Bill McKibben of the Guardian has nothing but good things to say about the Biden Administration’s decision to say no to big oil in one respect.
Ten days ago Joe Biden did something remarkable, and almost without precedent – he actually said no to big oil.
His administration halted the granting of new permits for building liquefied natural gas (LNG) export terminals, something Washington had been handing out like M&Ms on Halloween for nearly a decade. It’s a provisional “no” – Department of Energy experts will spend the coming months figuring out a new formula for granting the licenses that takes the latest science and economics into account – but you can tell what a big deal it is because of the howls of rage coming from the petroleum industry and its gaggle of politicians.And you can tell something else too: just how threadbare their arguments have become over time. Biden has called their bluff, and it’s beautiful to watch.
Charles Blow of The New York Times reminds us of a previous schism between Jewish Americans and African Americans over the Six-Day War of 1967 and says that It still has lessons to offer us today.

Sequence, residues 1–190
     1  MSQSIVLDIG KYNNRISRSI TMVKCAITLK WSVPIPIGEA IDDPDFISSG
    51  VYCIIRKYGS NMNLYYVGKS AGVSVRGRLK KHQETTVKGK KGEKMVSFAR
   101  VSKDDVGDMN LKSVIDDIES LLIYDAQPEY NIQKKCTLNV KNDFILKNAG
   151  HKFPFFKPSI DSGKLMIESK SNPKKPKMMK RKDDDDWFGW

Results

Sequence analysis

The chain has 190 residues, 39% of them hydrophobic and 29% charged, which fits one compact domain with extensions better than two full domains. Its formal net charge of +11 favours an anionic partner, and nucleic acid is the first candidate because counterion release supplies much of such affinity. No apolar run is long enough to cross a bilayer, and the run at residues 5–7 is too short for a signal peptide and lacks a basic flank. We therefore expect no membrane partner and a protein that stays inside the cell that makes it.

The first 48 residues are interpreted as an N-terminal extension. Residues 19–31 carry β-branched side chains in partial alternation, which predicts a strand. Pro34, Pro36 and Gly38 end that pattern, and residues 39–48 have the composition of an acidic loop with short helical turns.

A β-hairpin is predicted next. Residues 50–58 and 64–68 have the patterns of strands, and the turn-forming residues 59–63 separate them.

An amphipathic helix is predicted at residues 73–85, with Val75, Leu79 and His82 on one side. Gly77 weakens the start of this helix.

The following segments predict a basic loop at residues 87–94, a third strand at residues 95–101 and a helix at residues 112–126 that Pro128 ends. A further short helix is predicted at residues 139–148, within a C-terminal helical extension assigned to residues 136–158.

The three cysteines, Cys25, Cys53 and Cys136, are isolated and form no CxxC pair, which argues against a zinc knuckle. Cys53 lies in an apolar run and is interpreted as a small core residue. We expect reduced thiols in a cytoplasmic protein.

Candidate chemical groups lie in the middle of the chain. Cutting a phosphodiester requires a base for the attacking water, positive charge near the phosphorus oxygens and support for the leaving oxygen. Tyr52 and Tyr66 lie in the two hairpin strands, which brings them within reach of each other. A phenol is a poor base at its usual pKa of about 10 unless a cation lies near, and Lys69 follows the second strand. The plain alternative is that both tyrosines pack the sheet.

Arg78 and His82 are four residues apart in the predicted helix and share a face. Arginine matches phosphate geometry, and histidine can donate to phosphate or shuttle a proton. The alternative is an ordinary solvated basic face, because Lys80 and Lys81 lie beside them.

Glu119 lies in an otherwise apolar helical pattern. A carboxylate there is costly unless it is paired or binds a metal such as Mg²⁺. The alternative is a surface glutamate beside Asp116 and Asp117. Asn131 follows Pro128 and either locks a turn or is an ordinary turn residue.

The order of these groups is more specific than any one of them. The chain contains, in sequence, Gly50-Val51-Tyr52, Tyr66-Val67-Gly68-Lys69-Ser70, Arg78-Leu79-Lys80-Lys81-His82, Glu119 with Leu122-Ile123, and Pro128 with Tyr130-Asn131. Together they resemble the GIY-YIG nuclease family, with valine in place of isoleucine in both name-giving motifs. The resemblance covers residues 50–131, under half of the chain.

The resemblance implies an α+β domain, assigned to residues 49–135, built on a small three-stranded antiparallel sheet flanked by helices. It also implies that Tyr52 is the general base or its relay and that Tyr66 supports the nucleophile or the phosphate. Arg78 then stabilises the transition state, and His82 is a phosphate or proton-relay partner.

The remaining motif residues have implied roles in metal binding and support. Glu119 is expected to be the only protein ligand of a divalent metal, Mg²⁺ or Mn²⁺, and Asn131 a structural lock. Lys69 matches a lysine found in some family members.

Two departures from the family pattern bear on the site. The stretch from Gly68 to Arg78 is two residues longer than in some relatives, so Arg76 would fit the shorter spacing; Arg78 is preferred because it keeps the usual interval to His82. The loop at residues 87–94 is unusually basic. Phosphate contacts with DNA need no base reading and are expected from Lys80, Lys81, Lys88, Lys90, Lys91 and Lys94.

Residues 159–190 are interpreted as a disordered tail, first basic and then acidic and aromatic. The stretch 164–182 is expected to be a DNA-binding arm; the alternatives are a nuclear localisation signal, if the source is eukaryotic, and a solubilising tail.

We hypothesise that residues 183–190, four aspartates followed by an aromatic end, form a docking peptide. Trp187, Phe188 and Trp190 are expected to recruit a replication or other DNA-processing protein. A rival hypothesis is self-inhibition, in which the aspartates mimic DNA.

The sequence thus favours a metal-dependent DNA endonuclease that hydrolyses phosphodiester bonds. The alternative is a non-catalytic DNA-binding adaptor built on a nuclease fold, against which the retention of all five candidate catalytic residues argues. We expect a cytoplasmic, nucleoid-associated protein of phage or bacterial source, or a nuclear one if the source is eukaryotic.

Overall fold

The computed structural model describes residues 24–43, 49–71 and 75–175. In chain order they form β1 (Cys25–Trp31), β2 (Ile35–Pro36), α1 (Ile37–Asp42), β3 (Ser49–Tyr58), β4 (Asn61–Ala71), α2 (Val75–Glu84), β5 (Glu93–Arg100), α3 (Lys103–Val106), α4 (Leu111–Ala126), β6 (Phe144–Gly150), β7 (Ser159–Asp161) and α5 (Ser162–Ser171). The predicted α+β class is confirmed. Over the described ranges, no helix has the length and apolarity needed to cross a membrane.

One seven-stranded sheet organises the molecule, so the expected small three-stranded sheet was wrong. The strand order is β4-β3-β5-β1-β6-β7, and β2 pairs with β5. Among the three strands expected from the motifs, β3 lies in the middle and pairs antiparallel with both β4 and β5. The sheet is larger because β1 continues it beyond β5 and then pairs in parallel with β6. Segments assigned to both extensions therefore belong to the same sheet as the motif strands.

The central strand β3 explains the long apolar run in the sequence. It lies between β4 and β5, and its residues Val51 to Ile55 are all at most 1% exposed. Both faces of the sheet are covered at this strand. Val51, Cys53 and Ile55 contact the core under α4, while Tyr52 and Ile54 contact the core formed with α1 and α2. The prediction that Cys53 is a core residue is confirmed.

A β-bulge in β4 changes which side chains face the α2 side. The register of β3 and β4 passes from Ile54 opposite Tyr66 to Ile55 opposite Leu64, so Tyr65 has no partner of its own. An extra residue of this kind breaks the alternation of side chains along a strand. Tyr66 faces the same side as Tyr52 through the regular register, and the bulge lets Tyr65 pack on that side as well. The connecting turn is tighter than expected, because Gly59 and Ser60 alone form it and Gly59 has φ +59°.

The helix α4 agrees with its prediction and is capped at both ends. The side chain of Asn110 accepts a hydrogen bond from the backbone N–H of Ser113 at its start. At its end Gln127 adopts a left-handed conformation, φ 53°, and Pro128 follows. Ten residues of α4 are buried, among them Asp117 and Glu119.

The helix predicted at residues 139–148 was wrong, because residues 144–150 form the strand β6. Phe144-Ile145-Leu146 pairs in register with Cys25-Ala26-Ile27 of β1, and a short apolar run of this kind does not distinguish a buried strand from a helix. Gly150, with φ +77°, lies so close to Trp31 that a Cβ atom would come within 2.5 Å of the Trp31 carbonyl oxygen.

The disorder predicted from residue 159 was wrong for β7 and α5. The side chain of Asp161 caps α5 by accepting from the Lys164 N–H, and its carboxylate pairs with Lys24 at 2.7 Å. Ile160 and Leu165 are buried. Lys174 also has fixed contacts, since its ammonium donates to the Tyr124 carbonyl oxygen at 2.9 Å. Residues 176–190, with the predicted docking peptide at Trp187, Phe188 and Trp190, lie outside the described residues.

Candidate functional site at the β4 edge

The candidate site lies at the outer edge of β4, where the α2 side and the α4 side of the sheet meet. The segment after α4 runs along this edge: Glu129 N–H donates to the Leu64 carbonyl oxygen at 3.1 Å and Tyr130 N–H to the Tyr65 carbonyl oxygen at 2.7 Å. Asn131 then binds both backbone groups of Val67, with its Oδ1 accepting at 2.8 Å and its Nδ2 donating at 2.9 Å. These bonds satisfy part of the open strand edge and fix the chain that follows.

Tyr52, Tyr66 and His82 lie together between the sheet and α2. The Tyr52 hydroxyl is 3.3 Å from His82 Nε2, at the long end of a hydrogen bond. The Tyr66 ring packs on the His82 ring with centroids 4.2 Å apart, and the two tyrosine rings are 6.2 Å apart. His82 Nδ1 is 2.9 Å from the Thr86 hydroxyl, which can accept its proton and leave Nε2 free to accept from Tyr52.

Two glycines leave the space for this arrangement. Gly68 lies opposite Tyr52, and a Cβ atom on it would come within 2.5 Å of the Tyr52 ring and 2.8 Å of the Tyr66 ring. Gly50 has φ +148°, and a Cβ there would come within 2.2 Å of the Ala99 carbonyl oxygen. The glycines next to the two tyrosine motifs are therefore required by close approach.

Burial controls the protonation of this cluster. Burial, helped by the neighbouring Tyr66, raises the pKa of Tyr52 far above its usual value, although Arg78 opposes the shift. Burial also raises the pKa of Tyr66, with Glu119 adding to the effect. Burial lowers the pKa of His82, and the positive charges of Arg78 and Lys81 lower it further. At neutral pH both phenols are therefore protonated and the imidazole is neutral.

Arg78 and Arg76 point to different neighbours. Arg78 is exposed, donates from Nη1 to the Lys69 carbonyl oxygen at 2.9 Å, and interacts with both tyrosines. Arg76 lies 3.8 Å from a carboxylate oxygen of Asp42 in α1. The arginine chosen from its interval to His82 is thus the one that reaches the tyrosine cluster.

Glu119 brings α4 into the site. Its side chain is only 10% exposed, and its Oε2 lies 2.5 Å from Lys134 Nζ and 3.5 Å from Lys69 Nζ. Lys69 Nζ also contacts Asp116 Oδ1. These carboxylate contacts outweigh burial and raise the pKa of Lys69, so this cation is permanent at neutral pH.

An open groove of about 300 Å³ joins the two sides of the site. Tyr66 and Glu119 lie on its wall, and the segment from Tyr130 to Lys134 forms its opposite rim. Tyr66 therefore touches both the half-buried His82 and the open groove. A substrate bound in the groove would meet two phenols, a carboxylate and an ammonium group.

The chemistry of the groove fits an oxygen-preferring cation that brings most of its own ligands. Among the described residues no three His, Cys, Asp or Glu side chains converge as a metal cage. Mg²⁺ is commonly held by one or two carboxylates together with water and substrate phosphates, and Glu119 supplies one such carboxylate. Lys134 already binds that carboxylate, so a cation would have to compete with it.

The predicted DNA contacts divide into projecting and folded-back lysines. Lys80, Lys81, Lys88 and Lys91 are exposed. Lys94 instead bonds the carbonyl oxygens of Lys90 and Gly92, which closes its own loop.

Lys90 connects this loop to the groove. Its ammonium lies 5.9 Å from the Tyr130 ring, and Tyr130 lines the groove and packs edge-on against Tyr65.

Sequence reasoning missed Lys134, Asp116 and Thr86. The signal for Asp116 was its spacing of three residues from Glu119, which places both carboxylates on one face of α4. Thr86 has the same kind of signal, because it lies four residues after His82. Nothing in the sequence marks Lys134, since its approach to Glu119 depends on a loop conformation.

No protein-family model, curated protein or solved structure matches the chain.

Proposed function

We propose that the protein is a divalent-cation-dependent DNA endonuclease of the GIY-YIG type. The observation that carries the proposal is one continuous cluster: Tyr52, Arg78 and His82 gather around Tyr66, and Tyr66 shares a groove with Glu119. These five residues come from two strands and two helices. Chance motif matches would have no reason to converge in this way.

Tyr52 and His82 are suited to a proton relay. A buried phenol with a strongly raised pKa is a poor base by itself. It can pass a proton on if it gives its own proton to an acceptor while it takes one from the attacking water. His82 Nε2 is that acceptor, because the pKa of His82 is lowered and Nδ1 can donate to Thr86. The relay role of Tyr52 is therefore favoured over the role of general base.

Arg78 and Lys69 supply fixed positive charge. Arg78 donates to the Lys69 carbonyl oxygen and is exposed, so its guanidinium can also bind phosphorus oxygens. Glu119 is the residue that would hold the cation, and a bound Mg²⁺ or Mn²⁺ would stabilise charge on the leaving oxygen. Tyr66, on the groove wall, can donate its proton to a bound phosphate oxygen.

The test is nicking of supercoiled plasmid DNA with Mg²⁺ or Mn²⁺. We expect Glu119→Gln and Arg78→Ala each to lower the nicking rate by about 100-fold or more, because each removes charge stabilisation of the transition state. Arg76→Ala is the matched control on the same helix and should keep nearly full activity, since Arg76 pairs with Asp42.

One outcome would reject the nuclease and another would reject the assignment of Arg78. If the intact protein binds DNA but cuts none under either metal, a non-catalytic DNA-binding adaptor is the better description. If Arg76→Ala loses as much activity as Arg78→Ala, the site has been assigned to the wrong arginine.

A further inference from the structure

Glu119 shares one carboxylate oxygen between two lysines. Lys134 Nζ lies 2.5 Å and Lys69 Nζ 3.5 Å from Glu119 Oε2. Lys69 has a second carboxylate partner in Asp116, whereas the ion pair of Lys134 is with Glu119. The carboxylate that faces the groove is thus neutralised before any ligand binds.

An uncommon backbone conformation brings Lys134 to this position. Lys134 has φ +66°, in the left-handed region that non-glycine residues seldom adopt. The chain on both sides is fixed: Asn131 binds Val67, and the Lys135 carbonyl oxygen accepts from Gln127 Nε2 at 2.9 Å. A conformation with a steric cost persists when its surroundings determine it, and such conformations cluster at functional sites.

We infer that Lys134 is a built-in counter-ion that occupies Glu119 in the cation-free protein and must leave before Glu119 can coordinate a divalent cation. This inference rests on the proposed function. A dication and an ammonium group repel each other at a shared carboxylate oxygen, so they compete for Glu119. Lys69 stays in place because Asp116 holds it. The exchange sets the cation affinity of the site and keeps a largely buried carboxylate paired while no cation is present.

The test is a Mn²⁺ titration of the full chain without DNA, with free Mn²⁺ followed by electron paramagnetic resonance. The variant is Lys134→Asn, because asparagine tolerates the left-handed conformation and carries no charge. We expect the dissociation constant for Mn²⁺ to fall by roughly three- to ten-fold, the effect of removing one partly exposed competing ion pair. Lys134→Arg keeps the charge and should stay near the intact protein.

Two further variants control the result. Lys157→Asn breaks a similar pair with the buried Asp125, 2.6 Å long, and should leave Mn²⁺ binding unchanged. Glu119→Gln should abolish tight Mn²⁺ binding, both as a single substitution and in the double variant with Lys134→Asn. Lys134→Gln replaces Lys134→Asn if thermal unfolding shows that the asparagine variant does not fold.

Despite the fact that Jewish American sentiments don’t necessarily align with sentiments in Israel, the world’s lone Jewish state, or with the policies of Israel’s government, there are parallels between the perceived split years ago and the current cleavage: Many Black Americans, especially younger, politically engaged Black Americans, oppose Israel’s conduct of the war in Gaza, with particular concern about the death toll among Palestinian civilians.
Many Jewish Americans support Israel’s right to conduct the war and American support for Israel’s war effort in order to eliminate the threat posed by Hamas — and some feel disappointed or even betrayed that many Black people seem to have more sympathy for the Palestinian perspective than the Israeli perspective.
The issues involved feel irreconcilable, because many of those engaged in the debate believe that their positions represent the moral high ground. And nuanced views are sometimes characterized as weak. But there has to be room for nuance.
David Gilbert of WIRED has exclusive reporting about a Russian disinformation campaign involving the border “crisis.”